How to know if a stock is risky


  • No investment is without risk. Although the U.S. stock market has gone up, in aggregate, over time, individual stocks have varying levels of risk.
  • Not all investors will share the same comfort level with risk. It’s important to understand how much risk you’re willing to take on before investing.
  • There are some stocks deemed overall less risky than others (e.g. large cap or blue-chip stocks). The SEC spells out some categories of stocks that may carry more risk.
  • Shorter-term trading tends to be riskier than longer-term trading.

Over time, the U.S. stock market has produced returns of about 10% annually, on average. Yet within this trend, it’s true that some stocks go up and some stocks fizzle. That’s why many investors want to build a diversified portfolio, which is just a fancy way of saying they will create a mix of stocks designed to weather fluctuations that may impact a particular stock or group of stocks in the bunch.

Some investors chase extremely volatile stocks with the aim of riding an upswing. These risky investments might have a higher upside, but they come with greater risk. Taking on this degree of risk isn’t for everyone, so before you begin picking stocks or building a portfolio of many stocks, it’s crucial to understand how much risk you are willing to take on. Experts will say: only invest what you could afford to lose.

So, how do you know how much risk to take on? And what are some ways to identify a stock that might be risky?

Assessing your investment style

When looking at risk, it’s worth noting the typical risk profile of long-term vs. short-term investors. A short-term investment isn’t defined by what the stock is, but rather how long the investor holds it for. Making a last-minute investment in a volatile stock before earnings, in the hopes for a “pop,” is typical of a shorter-term investment strategy. Holding on to that same stock and building a position over time, through what is called “dollar-cost averaging,” is more aligned with a longer-term approach.

Short-term investments (trading):

  • Are typically held anywhere from a few minutes to a few weeks, at most for anytime less than a year.
  • Seek to profit off volatility and near-term gains rather than long-term underlying factors having to do with a company’s financials or management.
  • Oftentimes require less time to make gains, but greater effort when it comes to monitoring news and trends in real-time to “time” the buy.

Long-term investments (investing):

  • Are typically held anywhere from a year or longer to sometimes over the course of one’s career.
  • Seek to grow and profit from the long-term success of a business over many months or years.
  • Though not without risk, have longer time horizons to make gains and can, therefore, ride out increments of volatility that may occur over time.

Why time horizon is important

The big difference between short- and long-term investment strategies is the time horizon.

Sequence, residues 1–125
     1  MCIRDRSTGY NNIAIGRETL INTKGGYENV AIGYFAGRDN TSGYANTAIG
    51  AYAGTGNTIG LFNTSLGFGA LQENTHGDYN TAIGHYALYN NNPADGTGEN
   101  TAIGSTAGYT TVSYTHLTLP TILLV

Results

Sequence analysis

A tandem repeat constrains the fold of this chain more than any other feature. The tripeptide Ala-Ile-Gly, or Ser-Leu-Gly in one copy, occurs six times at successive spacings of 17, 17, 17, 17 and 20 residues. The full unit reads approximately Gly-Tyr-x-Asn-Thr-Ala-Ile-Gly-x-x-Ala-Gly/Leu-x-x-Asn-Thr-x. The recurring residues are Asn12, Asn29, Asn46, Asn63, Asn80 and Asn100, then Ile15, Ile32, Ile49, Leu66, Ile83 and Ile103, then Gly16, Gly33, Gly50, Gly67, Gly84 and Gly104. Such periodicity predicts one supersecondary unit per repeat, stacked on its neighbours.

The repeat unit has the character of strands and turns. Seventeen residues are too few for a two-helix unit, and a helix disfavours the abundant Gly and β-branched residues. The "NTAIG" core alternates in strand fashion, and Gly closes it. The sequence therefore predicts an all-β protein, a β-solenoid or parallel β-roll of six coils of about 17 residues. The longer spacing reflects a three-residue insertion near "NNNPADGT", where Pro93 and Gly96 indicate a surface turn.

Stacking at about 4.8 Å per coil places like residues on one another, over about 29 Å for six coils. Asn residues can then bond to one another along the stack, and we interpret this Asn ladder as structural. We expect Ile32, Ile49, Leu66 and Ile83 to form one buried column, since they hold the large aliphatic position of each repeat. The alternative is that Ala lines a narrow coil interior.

The short-term investor will have significantly less time to recoup losses caused by a negative earnings report than a long-term investor who can ride out dips over time. Long-term investors will have years to recoup losses if the company whose stock they own performs poorly in any given year. 

Before selecting stocks, it’s important to define yourself as an investor. Are you looking to track the trends of a business and/or category over time? Are you seeking to put your money into companies you believe in for the long-term? If that sounds like you, then you’re likely a longer-term investor. If you’re looking for something somewhat more transactional, then you might fit the profile of a trader. Of course, many investors reflect a mix of the two.

Determining your risk tolerance

An important step in one’s investing journey is understanding how much risk you’re willing to take on and how to understand the relative risk of an investment. A good place to start is with your “why.” Why are you looking to get into investing and into stock market investing overall? 

Some questions to ask yourself:

  • What are you saving for? 
  • How much do you have to save, and how much do you want to end up with? 
  • Do you plan on adding money every month? 
  • Do you plan on taking money out at any point? 
  • Does your interest lie in the fluctuations in the market, or in broader business trends?

These are all important questions to ask yourself as they will help guide you towards investments that are more likely to fit your goals and risk profile. The most important thing that all financial experts will agree on is that you should not take on any more risk than you can afford to lose. 

Attributes of potentially risky stocks

When it comes to investing, “risk” is relative to the investor and how much they are willing to take on. For some investors, a growth stock might be deemed too risky for their appetite. For others, growth stocks might make up a sizable portion of the portfolio.

That said, relatively speaking, there are some things to look out for when selecting individual stocks to invest in. The SEC identifies a few signals that could mean a stock is risky. Importantly, not all stocks within these criteria will be bad investments. Some might turn out to be good investments, but those would likely be the exception and not the rule.

Here are some attributes of potentially risky investments, as outlined by the SEC.

Bankrupt companies